Equally, there are many who attained fame and fortune in the sure knowledge that they were professing information they did not possess, and who offered treatments that they knew to be well-nigh useless.

But before we delve into the murky waters of medical meddling and the world of quack medicine, we need to look a little at the way that medicine has evolved.


Hippocrates of Cos (460–377 BC) was a priest physician of the cult of Aesculepius. He was the first doctor to attempt to put medicine on a theoretical basis rather than attributing illness to demonic possession or the displeasure of the gods. He formulated the Hippocratic oath and wrote a body of work that is known as the Corpus Hippocratum.


Hippocrates taught the Doctrine of Humors. This became the dominant theory in medicine until the Renaissance. Essentially, it was believed that there were four fundamental humors or body fluids which determined the state of health of the individual.

These humors were blood, yellow bile, black bile and phlegm. Aristotle had taught that the humors were associated with the four elements of air, fire, earth and water, which in turn were associated to paired qualities of hot, cold, dry and moist. Thus, earth would be dry and cold, water would be wet and cold, fire would be hot and dry, and air would be wet and hot.


Claudius Galenus (AD 131–201), known to history as Galen, was a Greek physician who practiced as a physician to a gladiatorial school and was later personal doctor to the emperor Marcus Aurelius. He developed the Doctrine of Humors further and taught that a proper balance of them was necessary for health. An excess of any humor could be treated by reducing a quality, or by reducing a humor, e.g. bleeding the patient or giving enemas, or treating with various Galenical drugs. An example of a Galenical would contain cucumber, which has cooling properties, because it naturally contains salicylates.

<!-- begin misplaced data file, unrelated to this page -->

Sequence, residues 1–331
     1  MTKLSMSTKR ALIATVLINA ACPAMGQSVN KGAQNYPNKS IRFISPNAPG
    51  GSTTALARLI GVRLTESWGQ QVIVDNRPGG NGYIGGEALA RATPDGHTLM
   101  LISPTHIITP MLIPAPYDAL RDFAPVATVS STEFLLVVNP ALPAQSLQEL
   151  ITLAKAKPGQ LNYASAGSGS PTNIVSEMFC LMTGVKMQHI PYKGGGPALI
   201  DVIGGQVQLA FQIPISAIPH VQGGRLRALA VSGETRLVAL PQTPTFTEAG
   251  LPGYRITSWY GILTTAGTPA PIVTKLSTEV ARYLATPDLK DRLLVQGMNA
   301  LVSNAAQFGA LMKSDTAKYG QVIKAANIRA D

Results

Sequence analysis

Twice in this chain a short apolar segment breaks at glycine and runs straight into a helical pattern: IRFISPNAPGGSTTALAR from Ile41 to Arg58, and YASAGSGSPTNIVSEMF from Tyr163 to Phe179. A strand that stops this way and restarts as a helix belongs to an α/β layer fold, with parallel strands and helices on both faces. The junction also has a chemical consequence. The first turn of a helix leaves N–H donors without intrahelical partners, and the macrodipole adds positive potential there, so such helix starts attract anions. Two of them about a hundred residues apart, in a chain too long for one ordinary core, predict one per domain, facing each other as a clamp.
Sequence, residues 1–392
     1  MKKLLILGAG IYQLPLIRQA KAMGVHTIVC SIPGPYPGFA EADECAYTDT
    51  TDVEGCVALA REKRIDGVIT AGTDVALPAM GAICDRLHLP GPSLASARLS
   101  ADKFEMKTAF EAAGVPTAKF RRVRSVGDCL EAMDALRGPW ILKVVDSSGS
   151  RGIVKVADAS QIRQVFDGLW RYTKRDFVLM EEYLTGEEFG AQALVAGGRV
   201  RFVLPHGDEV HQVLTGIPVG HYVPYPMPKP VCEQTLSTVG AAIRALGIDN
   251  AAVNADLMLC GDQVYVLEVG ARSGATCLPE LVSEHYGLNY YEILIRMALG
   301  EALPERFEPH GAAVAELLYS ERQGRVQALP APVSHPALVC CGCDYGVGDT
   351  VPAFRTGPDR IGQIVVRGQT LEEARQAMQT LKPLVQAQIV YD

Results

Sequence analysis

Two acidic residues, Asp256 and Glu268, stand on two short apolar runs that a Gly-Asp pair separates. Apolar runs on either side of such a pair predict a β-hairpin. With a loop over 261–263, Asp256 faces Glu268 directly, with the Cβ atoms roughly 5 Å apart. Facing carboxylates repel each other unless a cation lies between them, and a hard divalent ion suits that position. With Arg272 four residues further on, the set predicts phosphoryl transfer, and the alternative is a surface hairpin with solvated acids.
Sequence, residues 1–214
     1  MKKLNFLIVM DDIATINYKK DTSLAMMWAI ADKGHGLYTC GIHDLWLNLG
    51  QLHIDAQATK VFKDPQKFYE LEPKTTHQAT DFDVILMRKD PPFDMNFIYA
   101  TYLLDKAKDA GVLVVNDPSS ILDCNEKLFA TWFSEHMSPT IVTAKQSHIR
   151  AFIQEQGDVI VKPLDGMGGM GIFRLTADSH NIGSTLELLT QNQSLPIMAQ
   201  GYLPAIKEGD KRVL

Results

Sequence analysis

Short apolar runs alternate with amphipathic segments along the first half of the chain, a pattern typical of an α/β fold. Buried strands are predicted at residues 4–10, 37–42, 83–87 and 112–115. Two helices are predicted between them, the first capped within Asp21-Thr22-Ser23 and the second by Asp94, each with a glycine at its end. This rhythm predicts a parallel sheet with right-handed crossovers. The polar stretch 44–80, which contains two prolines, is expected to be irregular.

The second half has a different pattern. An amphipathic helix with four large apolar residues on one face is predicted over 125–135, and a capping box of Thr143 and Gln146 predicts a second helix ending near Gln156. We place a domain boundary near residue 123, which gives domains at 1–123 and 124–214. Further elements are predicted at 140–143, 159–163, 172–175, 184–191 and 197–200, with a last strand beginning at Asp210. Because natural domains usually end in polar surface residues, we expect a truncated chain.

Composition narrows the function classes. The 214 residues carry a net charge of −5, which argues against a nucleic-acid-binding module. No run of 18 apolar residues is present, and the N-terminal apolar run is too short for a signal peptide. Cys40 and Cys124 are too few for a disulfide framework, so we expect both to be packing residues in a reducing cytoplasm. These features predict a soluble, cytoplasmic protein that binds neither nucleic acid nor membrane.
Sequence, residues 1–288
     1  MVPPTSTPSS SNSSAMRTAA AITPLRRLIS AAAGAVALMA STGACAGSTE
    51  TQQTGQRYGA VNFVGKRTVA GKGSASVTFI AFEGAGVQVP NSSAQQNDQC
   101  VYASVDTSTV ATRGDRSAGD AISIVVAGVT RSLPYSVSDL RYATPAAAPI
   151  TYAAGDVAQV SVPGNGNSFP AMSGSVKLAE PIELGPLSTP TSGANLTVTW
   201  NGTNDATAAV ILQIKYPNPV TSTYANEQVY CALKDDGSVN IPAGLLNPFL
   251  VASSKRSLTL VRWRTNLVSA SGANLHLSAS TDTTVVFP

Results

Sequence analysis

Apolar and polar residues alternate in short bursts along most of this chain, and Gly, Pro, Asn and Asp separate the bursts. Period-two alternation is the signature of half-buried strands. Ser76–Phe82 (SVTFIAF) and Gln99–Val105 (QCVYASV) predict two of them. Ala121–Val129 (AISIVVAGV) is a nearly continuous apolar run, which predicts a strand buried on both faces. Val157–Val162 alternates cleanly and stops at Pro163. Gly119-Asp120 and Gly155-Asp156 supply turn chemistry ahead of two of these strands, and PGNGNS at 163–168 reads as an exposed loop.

The individual's temperament could also be discerned according to their balance of humors. Thus, sanguine individuals were perceived to have excess blood, choleric individuals had excess yellow bile, melancholics had too much black bile and phlegmatics had excess phlegm. As a philosophical system it had much to commend it and seemed perfectly plausible.


This period saw a spate of scientific discoveries which would gradually discredit the humoral theory. The study of anatomy had been carried out erratically over the centuries, mainly because dissection was considered by the Church to be a desecration and an abomination. Nevertheless, in 1543 Andreus Vesalius of Florence published the world's first anatomically correct treatise on anatomy. This set off a serious study of the body that culminated in William Harvey's discovery of the circulation of the blood in 1616. Doctors began to realise that blood circulated, but there was no equivalent circulation for the other supposed humors.

Then in 1625, Santorio Santorio, a friend of Galileo, invented the thermometer. This really proved to be the nail in the coffin of the humoral theory since for the first time it could be demonstrated that people with hot or cold constitutions in fact both had the same temperature.

One would have thought that the Doctrine of Humors would just disappear at that point. This was not to be, since its simplicity and plausibility could be put to great use by the medical meddlers during the age of quackery that would follow.

Now let us backtrack a little to the days of the Tudors to consider one of the greatest medical meddlers.


Medicine in Tudor England was a hotchpotch of medical practice. In 1518 King Henry VIII (1491–1547) conferred a royal charter to found the College of Physicians in London. This was the first attempt to regulate medical practice, albeit only loosely. The College of Physicians was permitted to license physicians to practice.